We hope to be joined on the night by some of the talents involved in the items screened.

Some of the items will be screened in full at a later MBW event.

Tickets to the event are now on sale via this link.

In Conversation With Beryl VertueBookmark and Share

Monday, 7 January 2013 - Reported by John Bowman
Top TV producer, media executive, and former agent Beryl Vertue will be discussing her career at the BFI Southbank next month.

The multi-award-winning Vertue started out as a secretary at the writers' agency Associated London Scripts, where she went on to represent Spike Milligan, Eric Sykes, Johnny Speight, Ray Galton, Alan Simpson, and Terry Nation, who she ensured retained partial rights to his creation the Daleks. She was also the agent for comedians Tony Hancock and Frankie Howerd.

In the 1960s, she formed Associated London Films, which saw her involved with, among many productions, the feature films of 'Till Death Us Do Part, Steptoe And Son, and Up Pompeii, and in 1967 she was invited by the showbusiness impresario and entertainment entrepreneur Robert Stigwood to join his famed Organisation after it absorbed ALS. While there she pioneered the concept of selling British TV formats to America and Europe, with two of the most notable hits being 'Till Death Us Do Part, which became All In The Family, and Steptoe And Son, which was reworked as Sanford And Son.

Among her early producing credits for British TV was The Prime Of Miss Jean Brodie, for which she was the executive producer. While at the Robert Stigwood Organisation, she also executive-produced the film version of Tommy.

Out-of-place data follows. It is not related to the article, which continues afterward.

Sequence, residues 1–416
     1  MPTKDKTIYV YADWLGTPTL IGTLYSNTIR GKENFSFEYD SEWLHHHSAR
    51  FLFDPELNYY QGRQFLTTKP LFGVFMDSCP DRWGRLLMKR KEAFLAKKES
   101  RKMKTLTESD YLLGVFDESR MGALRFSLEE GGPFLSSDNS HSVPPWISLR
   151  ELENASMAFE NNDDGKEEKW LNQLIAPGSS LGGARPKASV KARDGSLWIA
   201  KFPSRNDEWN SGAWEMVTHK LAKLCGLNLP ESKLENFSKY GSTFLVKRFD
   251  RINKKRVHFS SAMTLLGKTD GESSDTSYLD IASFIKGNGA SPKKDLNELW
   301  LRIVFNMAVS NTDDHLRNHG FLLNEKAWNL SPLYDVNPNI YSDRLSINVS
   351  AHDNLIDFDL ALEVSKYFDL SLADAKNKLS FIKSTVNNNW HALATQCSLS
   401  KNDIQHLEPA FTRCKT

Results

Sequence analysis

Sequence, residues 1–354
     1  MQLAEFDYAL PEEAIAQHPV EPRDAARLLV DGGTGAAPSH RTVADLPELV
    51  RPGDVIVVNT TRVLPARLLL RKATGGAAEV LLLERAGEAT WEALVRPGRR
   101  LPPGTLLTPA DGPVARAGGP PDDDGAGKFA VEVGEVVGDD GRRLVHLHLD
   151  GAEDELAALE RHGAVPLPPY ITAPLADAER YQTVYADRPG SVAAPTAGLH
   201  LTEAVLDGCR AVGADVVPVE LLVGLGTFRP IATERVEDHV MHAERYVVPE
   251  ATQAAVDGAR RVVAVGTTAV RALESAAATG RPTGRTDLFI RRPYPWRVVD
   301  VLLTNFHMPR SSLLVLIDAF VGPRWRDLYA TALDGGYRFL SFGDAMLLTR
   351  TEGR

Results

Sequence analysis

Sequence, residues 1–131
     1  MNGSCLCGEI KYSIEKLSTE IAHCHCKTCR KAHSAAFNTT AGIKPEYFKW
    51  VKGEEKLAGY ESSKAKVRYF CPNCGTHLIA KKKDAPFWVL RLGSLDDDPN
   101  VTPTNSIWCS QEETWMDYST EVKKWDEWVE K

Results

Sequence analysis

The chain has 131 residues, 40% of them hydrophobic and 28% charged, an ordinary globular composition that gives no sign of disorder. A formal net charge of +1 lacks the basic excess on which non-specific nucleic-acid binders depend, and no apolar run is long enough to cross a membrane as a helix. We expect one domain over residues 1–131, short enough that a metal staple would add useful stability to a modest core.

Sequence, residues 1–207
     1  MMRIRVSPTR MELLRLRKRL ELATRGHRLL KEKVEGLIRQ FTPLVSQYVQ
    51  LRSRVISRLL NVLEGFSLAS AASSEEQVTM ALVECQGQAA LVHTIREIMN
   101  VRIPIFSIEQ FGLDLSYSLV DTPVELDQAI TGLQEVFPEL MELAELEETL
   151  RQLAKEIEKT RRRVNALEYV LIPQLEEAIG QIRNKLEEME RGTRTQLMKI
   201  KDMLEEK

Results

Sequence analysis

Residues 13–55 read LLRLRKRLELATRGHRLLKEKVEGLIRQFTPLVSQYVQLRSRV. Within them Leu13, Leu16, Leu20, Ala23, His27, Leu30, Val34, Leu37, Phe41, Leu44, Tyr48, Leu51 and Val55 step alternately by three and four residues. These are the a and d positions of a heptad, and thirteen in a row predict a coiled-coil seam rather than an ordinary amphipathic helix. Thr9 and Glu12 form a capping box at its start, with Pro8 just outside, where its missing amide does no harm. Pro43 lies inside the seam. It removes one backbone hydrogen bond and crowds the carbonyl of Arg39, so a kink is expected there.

Vertue - the mother-in-law of Steven Moffat - left the Robert Stigwood Organisation in the 1980s to form Hartswood Films - one of the first independent TV production companies in the UK and whose many hits have included Sherlock, Men Behaving Badly, Coupling, and Jekyll.

She was given an award by Women In Film And Television in 1999 for outstanding contributions to the industry, and the same year the Royal Television Society made her a member of its Hall of Fame. Vertue was awarded an OBE in the 2000 New Year Honours for services to independent television production, and four years later was given the Alan Clarke Award for Outstanding Creative Contribution to Television by BAFTA. In 2010, she and her daughters Debbie and Sue - both board directors of Hartswood - were given the Women In Film And TV Achievement Of The Year Award for Sherlock, and last March she was given both a Lifetime Achievement Award, at the Royal Television Society Programme Awards, and the Harvey Lee Award for Outstanding Contribution to Broadcasting, at the Broadcasting Press Guild TV and Radio Awards.

Beryl Vertue In Conversation takes place on Tuesday 26th February at 8.40pm, when she will be interviewed by Paul Jackson, ITV's ex-director of entertainment and comedy and the current chief executive of Eyeworks, after which audience members will be able to ask her questions.

Tickets to the event go on sale to the general public on Tuesday 15th January at 11.30am.

UPDATE - 19th January: A season of related screenings has been announced, as follows:

Institut Francais To Hold TV FestivalBookmark and Share

Wednesday, 19 December 2012 - Reported by John Bowman
The Institut Francais in London is to hold a festival showcasing the best of new productions from both sides of the Channel as well as European TV shows.